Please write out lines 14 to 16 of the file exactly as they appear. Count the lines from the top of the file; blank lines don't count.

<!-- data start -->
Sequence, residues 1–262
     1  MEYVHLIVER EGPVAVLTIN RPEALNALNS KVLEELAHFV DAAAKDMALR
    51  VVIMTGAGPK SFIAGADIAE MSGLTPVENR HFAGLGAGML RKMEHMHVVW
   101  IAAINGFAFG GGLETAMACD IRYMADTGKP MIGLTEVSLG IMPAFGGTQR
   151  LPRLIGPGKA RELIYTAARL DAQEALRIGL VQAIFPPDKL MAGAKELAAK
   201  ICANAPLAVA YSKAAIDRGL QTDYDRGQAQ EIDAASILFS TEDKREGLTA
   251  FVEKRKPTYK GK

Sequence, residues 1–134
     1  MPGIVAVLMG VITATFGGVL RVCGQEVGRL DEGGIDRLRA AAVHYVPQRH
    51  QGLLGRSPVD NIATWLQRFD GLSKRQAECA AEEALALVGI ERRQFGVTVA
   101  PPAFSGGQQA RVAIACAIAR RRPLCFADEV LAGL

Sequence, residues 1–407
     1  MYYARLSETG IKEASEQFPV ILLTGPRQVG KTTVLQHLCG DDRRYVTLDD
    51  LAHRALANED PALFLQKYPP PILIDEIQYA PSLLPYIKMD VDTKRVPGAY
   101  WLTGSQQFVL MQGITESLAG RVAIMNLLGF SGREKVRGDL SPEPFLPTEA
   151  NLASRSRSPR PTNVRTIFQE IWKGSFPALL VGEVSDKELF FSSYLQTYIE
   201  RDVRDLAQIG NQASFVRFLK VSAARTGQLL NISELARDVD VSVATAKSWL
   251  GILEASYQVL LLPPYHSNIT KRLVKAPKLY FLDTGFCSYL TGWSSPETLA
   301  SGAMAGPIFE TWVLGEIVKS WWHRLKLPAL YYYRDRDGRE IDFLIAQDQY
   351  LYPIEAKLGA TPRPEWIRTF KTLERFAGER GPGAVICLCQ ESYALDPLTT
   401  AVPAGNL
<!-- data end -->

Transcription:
    51  LAHRALANED PALFLQKYPP PILIDEIQYA PSLLPYIKMD VDTKRVPGAY
   101  WLTGSQQFVL MQGITESLAG RVAIMNLLGF SGREKVRGDL SPEPFLPTEA
   151  NLASRSRSPR PTNVRTIFQE IWKGSFPALL VGEVSDKELF FSSYLQTYIE